When travelling, you may be at risk for a number of vaccine preventable illnesses. Over time, the protection provided through vaccination against many illnesses may decrease. Your risk of getting certain diseases may also increase.
You should consult a health care provider or visit a travel health clinic preferably six weeks before you travel. This provides an opportunity to:
- review your immunization history
- make sure you are up-to-date according to your provincial/territorial immunization program
- discuss any health concerns you may have related to your trip
- assess your needs based on where you plan to travel and what you plan to do
Additional vaccines may be recommended depending on your age, planned travel activities and local conditions. Remember that preventing disease through vaccination is a lifelong process.
What vaccines may be recommended?
Your health care provider may recommend that you get vaccinated against one or more of these diseases prior to travel:
- chicken pox (varicella)
- flu (influenza)
- German measles (rubella)
- Haemophilus influenzae type b disease (Hib)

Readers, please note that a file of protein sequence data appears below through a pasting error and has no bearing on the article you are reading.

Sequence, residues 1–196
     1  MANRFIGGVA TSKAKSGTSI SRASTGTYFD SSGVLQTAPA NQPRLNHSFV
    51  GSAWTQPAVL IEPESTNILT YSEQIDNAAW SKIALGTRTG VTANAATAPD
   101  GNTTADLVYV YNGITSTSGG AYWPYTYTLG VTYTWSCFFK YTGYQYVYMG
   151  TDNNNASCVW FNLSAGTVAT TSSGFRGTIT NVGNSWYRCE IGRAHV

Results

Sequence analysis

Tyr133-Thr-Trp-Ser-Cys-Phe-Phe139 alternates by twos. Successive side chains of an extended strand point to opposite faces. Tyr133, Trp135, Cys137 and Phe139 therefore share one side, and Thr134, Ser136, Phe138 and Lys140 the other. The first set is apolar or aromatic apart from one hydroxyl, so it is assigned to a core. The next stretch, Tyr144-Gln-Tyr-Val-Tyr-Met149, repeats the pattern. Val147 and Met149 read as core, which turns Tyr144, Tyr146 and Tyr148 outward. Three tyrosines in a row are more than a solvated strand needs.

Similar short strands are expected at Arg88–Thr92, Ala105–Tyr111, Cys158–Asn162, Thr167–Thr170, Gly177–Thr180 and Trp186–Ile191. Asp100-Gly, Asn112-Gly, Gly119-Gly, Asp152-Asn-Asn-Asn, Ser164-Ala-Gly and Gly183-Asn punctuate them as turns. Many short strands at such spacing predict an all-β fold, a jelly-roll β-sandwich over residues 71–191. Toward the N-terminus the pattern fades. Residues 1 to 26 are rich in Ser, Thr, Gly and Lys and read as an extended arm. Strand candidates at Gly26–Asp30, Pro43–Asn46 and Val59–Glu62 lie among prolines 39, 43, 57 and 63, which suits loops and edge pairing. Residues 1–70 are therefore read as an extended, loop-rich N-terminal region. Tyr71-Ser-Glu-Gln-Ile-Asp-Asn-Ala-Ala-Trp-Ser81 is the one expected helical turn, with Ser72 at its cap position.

- hepatitis A
- hepatitis B
- human papillomavirus (HPV)
- Japanese encephalitis
- meningococcal disease
- pneumococcal disease
- tick-borne encephalitis
- typhoid fever
- whooping cough (pertussis)
- yellow fever
What vaccines may be required?
- It’s always best to consult with an embassy or consulate of your destination country in Canada for up-to-date information on entry and exit requirements before travelling abroad.
- Some countries require proof that you have received a yellow fever vaccination, documented on an International Certificate of Vaccination or Prophylaxis before allowing you to enter the country. Without such proof, you may be refused entry, quarantined or vaccinated.
- Some countries may require additional vaccinations before you arrive.
- Keep your family’s immunization records in a safe and accessible place and carry copies when you travel.
- If your destination country requires proof of yellow fever vaccination, you must carry the original International Certificate of Vaccination or Prophylaxis. Keep a copy of this certificate at home.
- Sickness or injury
- Country travel advice and advisories
- If you get sick after travelling
- Receiving medical care in other countries
- Travel insurance
- Well on your way - a Canadian’s guide to healthy travel abroad
- Yellow Fever Vaccination Centres in Canada, Public Health Agency of Canada (PHAC)
- Recommended Immunization Schedules, PHAC
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